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Football finance – Liverpool Football Club: Barbarians at the Kop

It’s fast shaping up to be one of THE stories of the decade, a collision of the much-maligned worlds of football and finance. The battle for ownership of Liverpool Football Club has drawn in some of the biggest names in global finance. Controversial US club owners Tom Hicks and George Gillett have been desperately trying to refinance £325 million ($512 million) of debt, lent by RBS to the holding company through which they own the 18-times English championship-winning club.

Hicks and Gillett have fallen out with their board, which has appointed Barclays Capital to find a new owner for the club.

At the same time Hicks has been seeking help from his friends in private equity to refinance the RBS loan and maintain control of the club. In surely the first report of its kind, Blackstone was prominent in the lead sports story of the UK’s most popular red-top tabloid, the News of the World, under the headline "A-Kop-alypse now" – a reference to the famous stand where Liverpool supporters congregate to cheer on their team.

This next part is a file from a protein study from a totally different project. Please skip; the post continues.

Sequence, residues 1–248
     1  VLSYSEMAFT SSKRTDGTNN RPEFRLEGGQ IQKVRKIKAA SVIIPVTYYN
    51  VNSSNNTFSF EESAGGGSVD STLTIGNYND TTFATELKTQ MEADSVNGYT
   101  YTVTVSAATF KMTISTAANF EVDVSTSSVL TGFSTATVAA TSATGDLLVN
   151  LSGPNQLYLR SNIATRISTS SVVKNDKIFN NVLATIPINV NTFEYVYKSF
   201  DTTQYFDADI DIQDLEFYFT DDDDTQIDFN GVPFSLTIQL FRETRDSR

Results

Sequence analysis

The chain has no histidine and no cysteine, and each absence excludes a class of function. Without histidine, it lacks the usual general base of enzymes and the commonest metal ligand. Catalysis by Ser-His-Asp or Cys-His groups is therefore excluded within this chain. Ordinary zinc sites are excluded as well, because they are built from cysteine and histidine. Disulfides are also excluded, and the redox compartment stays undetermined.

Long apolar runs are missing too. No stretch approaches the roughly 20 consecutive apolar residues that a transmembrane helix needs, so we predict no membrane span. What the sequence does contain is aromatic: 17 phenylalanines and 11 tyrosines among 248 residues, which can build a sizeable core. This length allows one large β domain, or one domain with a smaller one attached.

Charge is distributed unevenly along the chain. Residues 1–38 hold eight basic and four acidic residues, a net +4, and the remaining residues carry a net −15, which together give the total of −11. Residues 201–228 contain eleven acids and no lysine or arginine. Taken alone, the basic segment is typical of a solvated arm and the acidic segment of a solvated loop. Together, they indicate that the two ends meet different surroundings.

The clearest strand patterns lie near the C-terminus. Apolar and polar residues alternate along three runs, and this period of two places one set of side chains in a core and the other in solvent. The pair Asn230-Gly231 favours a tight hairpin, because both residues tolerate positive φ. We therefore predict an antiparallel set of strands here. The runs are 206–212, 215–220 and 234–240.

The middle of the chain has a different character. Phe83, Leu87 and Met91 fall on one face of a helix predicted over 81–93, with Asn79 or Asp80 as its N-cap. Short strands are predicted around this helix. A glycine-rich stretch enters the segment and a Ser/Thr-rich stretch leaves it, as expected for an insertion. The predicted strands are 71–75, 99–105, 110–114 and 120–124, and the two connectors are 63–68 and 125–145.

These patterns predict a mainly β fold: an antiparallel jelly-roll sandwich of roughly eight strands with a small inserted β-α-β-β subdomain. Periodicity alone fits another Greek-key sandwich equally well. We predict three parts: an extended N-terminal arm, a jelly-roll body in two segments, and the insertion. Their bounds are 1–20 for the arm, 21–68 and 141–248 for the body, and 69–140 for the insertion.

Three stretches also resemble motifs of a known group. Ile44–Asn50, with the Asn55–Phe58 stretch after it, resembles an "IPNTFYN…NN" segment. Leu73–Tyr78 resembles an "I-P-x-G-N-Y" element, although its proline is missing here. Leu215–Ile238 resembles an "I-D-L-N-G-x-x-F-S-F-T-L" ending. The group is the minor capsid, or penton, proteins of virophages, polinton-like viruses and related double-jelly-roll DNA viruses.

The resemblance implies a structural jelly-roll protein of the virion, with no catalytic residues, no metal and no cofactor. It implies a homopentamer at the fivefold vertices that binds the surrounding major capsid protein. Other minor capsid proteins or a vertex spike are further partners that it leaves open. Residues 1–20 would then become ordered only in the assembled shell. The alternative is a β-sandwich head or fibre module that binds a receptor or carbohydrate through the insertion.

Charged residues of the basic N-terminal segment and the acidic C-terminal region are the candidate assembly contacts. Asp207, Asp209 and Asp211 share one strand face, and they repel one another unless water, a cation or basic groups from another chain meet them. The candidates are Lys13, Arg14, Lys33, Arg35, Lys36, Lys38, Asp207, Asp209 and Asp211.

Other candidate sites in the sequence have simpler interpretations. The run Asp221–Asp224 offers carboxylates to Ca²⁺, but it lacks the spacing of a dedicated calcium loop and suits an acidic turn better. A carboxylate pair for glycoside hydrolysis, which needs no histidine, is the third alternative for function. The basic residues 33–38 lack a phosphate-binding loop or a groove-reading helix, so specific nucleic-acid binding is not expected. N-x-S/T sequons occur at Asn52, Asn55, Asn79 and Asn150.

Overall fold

Throw in the club’s new sponsors, Standard Chartered, which has forked out at least £20 million a year to emblazon its brand on Liverpool’s famous red shirts, and you’ve got a veritable premier league of financial institutions all involved in the club’s travails.

StanChart would have expected a better return on its investment than the lowly 16th place Liverpool occupied in the Premiership at the end of September.

Surely this has the makings of a best-selling book – titles such as Barbarians at the Kop or Scousers’ Poker spring to mind.

One fan’s comment posted on the NotW website could provide a working précis: "I’m going to buy Barclays Bank with a 100% loan from HSBC, guaranteed by the value of Barclays. My business plan is to repay the interest from Barclays profits, putting the rest of the profits in my pocket. If there are no profits, I will sell assets to pay the interest, or simply increase the loan. My five-year plan is to sell for twice the price I paid. A fairy tale in the real world, a real tale in the fairyland of football."

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